No doubt his family was home by now or at least on the way. The mall wasn’t too far so they could afford to be late. It wasn’t the weekend, after all. He had an exam to revise for, too. He tapped his fingers on his phone and it blinked with the various innanities that waited for him to read. He felt it was time to upgrade to another smartphone. Just as he was about to scan through the broadcasts the phone began ringing. He quickly silenced it and exited before receiving it.
“Salim? Where are you?”
“Around,” Salim grumbled. His mother was on high alert after a bunch of youngsters were caught sniffing glue. She’d be reassured (or not) to believe the only addiction he had was readily available in their fridge.
“Well, come on over. We brought ice cream if you’d like and your uncle is here.”
Salim rolled his eyes. His uncle was not high on his list of friends. “I’ll try to come but there’s not many taxis around.”
“Well, who’s with you? If Khalid is with you let him drive you home.”
“All right,” Salim said and the conversation was soon ended.
He flagged down a taxi and decided to go to the corniche. He was glad he’d taken the call. His uncle was an expert at deflating self-esteems and he didn’t think he could take a beating especially today.
The corniche was lively no thanks to the government’s idea of livening it up. There was nothing wrong with it before. Now half-naked people wandered around obstrucing his view and making him extremely uncomfortable. The Arabs, South Asians and his fellow Emiratis were the only ones who took modesty seriously. Well, as he passed a couple of Arabs, MOSTLY Arabs. There were some Arabs who he doubted possesed any idea of modesty.
He managed to get himself down to beach and sat there. Feeling apprehensive he looked to his right and sure enough someone was jogging steadily towards him. Tensing up he only let himself relax when he’d gone on his merry way. But that was just the start. Over the next half hour three more would be marathoners had passed him by. His seat by the beach had taken quite a beating. They were all extremely fit and were exercising. They could all be past clinically obese people like himself or perhaps they were one of those unicorns who did exercise for the sake of doing exercise. Because it allegedly made them feel good or something. He felt uneasy at this thought. But the more he thought about it the more fired up he felt.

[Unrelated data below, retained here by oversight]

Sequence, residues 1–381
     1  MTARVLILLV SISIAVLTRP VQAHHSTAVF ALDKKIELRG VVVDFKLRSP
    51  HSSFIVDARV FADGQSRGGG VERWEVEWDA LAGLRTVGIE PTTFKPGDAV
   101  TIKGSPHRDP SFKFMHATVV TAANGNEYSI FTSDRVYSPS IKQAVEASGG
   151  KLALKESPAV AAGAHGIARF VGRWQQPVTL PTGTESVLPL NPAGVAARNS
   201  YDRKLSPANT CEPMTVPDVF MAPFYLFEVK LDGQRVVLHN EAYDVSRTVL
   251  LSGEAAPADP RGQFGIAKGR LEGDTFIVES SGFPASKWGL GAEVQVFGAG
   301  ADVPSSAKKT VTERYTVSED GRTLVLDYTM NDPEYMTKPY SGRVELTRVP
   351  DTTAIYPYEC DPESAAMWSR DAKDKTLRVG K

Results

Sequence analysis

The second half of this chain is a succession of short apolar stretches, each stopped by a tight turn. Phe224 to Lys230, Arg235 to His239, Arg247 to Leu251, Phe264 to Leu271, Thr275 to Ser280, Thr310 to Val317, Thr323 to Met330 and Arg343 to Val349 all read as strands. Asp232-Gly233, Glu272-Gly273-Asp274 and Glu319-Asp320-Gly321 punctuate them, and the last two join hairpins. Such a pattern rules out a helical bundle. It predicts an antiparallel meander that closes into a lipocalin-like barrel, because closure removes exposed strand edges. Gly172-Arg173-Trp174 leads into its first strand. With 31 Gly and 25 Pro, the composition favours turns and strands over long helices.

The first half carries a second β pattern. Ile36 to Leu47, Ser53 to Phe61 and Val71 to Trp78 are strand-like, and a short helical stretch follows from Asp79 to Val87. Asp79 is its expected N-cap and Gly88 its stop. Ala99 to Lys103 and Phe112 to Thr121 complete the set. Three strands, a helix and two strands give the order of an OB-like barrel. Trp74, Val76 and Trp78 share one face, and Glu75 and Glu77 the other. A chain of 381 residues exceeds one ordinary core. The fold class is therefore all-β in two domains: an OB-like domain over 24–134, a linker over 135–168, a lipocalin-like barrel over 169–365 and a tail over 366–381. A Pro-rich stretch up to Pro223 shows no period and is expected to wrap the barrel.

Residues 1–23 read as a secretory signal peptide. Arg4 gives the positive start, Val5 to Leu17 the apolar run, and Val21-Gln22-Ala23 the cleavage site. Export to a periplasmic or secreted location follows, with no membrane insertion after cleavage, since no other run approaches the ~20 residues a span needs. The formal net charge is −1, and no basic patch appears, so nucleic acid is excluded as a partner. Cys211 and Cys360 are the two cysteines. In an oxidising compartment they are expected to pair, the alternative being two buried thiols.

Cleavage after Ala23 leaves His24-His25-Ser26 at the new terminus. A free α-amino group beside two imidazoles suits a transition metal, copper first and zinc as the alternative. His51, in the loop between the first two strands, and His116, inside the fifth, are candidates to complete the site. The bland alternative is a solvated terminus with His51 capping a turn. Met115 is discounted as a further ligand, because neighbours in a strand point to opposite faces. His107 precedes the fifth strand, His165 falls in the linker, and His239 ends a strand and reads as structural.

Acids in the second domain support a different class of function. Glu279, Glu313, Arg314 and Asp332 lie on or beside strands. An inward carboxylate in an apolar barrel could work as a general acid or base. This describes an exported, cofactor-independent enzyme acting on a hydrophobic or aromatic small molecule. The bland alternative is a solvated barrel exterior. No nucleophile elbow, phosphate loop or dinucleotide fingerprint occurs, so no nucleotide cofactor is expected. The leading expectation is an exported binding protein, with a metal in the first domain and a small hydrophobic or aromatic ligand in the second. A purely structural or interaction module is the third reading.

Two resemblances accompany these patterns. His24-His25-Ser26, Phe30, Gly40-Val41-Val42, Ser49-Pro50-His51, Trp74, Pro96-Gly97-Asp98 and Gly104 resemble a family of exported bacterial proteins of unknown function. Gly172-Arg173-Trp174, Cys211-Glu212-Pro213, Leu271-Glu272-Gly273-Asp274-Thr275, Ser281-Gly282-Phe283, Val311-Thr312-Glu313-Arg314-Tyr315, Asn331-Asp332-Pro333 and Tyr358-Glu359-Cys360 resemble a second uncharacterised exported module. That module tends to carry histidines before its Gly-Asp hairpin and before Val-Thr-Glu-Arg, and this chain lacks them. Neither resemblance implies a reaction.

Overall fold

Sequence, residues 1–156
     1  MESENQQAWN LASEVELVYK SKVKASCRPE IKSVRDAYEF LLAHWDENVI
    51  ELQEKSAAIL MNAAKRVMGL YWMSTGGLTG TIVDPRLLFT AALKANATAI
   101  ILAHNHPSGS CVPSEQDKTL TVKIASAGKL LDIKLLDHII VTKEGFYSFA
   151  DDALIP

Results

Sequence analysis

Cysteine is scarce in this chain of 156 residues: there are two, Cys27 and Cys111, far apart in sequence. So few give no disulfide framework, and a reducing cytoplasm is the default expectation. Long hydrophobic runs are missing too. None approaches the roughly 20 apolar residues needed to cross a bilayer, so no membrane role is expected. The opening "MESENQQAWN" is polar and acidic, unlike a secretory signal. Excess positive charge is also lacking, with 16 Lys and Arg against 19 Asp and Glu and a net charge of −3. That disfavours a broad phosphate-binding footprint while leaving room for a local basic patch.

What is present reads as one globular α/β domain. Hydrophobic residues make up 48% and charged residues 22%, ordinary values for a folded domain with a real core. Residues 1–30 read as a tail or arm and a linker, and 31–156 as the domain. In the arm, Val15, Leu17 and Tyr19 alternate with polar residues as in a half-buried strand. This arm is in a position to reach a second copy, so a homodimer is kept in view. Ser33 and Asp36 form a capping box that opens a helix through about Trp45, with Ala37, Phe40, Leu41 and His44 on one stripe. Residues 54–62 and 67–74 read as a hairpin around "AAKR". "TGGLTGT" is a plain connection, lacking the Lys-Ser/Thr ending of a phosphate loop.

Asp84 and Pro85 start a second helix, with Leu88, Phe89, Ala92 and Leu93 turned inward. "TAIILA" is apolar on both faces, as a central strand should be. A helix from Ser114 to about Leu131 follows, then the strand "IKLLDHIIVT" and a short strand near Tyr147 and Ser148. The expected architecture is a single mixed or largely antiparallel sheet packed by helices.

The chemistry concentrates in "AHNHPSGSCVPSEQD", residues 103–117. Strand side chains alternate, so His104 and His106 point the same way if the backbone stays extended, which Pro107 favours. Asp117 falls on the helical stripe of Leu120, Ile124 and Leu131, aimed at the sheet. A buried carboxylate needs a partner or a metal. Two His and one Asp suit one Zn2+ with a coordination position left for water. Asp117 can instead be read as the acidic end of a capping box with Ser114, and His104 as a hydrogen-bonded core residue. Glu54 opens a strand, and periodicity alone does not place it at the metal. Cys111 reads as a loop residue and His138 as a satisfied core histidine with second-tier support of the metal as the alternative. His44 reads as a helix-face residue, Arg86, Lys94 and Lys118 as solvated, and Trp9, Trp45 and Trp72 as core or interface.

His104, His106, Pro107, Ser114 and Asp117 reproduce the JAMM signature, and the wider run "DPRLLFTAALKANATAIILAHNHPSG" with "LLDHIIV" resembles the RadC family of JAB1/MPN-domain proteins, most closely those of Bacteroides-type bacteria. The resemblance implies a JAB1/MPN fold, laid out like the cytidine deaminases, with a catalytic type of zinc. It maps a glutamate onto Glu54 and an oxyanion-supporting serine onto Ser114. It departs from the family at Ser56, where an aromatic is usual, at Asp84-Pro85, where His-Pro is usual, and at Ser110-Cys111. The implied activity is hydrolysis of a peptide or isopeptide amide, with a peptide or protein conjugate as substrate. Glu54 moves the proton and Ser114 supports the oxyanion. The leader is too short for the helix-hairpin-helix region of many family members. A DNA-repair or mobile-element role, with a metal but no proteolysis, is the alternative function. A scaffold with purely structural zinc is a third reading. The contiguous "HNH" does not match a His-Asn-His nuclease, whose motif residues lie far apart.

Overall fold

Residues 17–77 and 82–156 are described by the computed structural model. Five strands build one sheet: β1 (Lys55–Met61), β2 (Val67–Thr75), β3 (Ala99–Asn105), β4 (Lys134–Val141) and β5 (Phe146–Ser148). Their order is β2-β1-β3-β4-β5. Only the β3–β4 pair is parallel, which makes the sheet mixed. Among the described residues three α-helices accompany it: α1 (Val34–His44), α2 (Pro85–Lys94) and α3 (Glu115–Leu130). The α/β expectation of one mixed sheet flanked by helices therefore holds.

Getting up to his feet he saw that the sun was bleeding red across the sky. Twilight was soon approaching and in the distance he saw the blessed image of a masjid.
I’ll head there, he thought. On another day he would not have dreamed of walking all this distance. He was wearing sandals and his kandoura but he wasn’t going to jog, after all – only walk. He could walk it. Over the summer when they had made their way to Italy they had walked everywhere. His eating habits had accompanied him and there had been absolutey zero chances of losing even half a kilogram. But maybe… Maybe if he just walked he might make it a habit. He was a habitual person, after all.
The scenery was colorful around him. Children zigzaged in rollerskates. Couples leant against railings looking out to the sea. People ate icecream, others just sat in large circles. More children were cycling around in hired pedal cars. Cats lounged around trashcans and kind (full) folk.
The sun sank lower and lower until he was almost upon the masjid. His phone was vibrating in his pocket but he ignored it. He was wheezing quite a bit and did not want to reveal what he was doing. It wasn’t like he was ashamed of wanting to exercise but it might put the idea that he was going to make a habit of it. It was going to raise expectations that he might not keep. He did not want to lose face. Despite everything, he had a lot of pride.
The shrubbery and trees had acquired a gray bluish tint. The sun was a half-circle down the sea by now. Slipping a tissue out of his pocket he wiped his wet brow and breathed openly through his mouth. He was fatigued, there was no way around it.
But he could make a habit of it. He was not going to let himself win. The ATV might not handle his weight by next month but maybe if they had gathered the month after that he could fit in comfortably without feeling like he was a burden or that they were humoring him and laughing behind his back.
When the call to al-Maghrib sounded he was glad to hear the first call of Allah Akbar; it had been from the beginning.
And as the day came to an end, he knew tomorrow awaited him and it was a new beginning, too.
Author: Iman Ali